Question about light equipment for a newbie.
I've been using film cameras for quite a while now, but i've never considered
anything related to lighti equipment (flashes, etc.) so far. But now i've come
closely to the point when i seem to need this equipment for my portraiture
But i actually don't know anything on this topic..
what i would like to achieve (or at least get closer to))) in b/w portraits is
something like this:
photo by Jim Adams: http://photo.net/photodb/photo?photo_id=6572665
Sorry, if my question is too primitive, i just want to get a starting point from
which i can explore this issue further.
Maybe you could also advise me a starter kit or something like that - a must-
have equipment, the minimum I need (I travel and move every now and then,
so something compact would be more adequate)
All answers are appreciated, thanks.
The first thing you need is experience, and this in turn leads to skill.
I occasionally shoot nudes (that is, real, uninhibited naturists, not models simply stripping off for the camera), but not in my studio at the moment (and not in B&W, but in colour, in natural wild settings like rainforest, remote beaches etc.). The image above looks like a Polaroid T55 — rather coyly arranged and shot like, showing as much as we'd like to see, and no more than we wish, with the high contrast complimenting the model's naturally dark features (note that in a glossy woman's "comic" (aka magazine), consistent with the de rigeur 'digital economy' and pursuit of perfection, the veins in the models hand would be airbrushed out, her thighs redefined and skin blemishes dusted away — oh, why we can't all just let it be!!). I strongly favour natural lighting over artificial (studio, flash, etc.) but all of us have different needs. Do you intend to shoot nudes? If so, good people skills are a must, as is a private area (not your backyard!). Equipment can be simple or elaborate. A large matte background in various colours (white, black, patterned), a diffused brolly/strobe flash and modelling light and some bits and pieces of furniture (any sort you fancy: at the moment I'm looking for an ancient rocking chair as a prop in a rainforest shoot) is a common set up, though not necessarily portable. In place of a Polaroid, a digi can be used for pre-shoot assessment but really, only your skill, evolving over time, will get you up to the svelte standard that Jim has in composition and edgy lighting. In your working area, a nearby window (maybe even with thin aluminium venetian blinds to "stripe" the subject with light) can serve as a springboard for experimenting with angular light and shadow. Consider 2-3 off-camera flashes (for travelling portability) with individual small, light tripods and diffused heads (e.g. Lumiquest, maybe even snoots) can be fun (you will burn a lot of film!). Multiple flash sets can be helped with a flashmeter and it doesn't have to be a top-shelf issue. Don't aim too high when starting out, and treat every mistake a valuable blip on the learning curve.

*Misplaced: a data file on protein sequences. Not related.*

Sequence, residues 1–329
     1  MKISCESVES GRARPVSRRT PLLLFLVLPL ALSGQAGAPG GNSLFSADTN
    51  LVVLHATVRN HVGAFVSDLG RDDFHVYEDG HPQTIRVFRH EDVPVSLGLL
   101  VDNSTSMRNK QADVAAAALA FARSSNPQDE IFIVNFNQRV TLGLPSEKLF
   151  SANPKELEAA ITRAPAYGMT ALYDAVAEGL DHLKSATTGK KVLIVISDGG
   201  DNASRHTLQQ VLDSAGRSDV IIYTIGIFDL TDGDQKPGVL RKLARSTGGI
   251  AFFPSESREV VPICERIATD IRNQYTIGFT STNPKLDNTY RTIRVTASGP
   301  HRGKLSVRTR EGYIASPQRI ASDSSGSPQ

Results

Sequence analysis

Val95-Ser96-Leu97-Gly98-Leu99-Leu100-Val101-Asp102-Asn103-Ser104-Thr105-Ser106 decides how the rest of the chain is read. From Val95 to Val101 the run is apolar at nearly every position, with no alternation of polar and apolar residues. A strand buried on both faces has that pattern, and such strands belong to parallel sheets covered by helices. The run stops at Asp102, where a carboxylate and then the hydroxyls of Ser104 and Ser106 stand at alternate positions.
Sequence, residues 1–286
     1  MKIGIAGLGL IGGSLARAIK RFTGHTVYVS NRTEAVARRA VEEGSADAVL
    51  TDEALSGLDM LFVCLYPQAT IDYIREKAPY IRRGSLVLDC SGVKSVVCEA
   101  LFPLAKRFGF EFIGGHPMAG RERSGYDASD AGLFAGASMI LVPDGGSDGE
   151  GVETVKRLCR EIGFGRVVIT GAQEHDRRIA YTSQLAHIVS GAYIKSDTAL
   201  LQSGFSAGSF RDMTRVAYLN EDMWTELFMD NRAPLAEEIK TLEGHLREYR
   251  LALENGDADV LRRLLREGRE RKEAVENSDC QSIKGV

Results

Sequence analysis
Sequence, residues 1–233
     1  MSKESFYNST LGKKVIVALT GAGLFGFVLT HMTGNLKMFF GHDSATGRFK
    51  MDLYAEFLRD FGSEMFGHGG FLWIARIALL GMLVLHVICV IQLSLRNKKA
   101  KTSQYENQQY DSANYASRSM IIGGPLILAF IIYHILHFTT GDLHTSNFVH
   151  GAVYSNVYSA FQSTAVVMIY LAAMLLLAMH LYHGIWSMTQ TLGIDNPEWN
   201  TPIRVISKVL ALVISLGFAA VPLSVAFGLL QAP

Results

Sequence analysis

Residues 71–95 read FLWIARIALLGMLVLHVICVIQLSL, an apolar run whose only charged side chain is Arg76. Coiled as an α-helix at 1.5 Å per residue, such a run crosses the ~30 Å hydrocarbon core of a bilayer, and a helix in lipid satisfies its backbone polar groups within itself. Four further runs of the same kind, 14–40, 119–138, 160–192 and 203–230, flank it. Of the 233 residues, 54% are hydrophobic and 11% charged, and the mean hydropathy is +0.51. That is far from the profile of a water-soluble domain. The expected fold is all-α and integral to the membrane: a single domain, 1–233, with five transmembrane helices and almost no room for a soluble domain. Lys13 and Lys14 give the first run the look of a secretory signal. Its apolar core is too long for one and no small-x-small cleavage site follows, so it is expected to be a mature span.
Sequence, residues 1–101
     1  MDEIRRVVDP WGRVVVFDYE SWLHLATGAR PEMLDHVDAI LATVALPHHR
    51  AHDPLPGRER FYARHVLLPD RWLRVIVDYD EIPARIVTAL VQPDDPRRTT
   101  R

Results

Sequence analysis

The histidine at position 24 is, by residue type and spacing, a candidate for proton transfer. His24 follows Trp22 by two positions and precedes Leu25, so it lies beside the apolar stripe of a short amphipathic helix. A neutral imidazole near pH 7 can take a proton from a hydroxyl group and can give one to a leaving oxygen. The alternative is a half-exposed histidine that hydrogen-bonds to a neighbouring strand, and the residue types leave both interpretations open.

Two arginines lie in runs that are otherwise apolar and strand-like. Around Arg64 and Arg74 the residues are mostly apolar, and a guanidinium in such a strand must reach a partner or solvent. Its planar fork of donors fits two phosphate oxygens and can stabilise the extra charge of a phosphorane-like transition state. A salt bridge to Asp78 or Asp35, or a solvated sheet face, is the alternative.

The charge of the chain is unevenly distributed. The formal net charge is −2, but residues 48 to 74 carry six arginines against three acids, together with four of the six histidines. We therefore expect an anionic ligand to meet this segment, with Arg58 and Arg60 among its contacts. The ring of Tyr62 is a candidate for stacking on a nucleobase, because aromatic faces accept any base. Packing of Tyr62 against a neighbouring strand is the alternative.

.::Gary Rowan Higgins
One beautiful image is worth
a thousand hours of therapy.
"It is horrifying that we have to fight our own government
to save the environment."
Is the model in that photograph Sanders McNews wife Melanie?
That image you show is a pretty simple 1-light setup, with perhaps a reflector for fill. If you are thinking you want something portable, I'd recommend going with strobe lighting. You could accomplish the above with something as simple as a Vivitar 283 and a softbox, and get a collapsible reflector for fill. All very portable.
Pick up a copy of "master lighting guide for portrait photographers" by Christopher grey great book for explaining lighting set up and equipment needed. He does a lot with one light and foamcore. I think your photo was light with a stripbox from camera left.
Sponsored Ad. (Subscribers to APUG have the option to remove this ad.)
In most major metropolitan areas you can rent strobe lighting set-ups to suit any project. You can try several brands before making a big investment but it's very important that you know exactly how to operate the strobe system you are working with because if used incorrectly- the power packs and light heads can cause deadly accidents. If you don't have the manufacturer's operation manual in hand- don't even bother with the set-up until you do.
"A certain amount of contempt for the material employed to express an idea is indispensable to the purest realization of this idea." Man Ray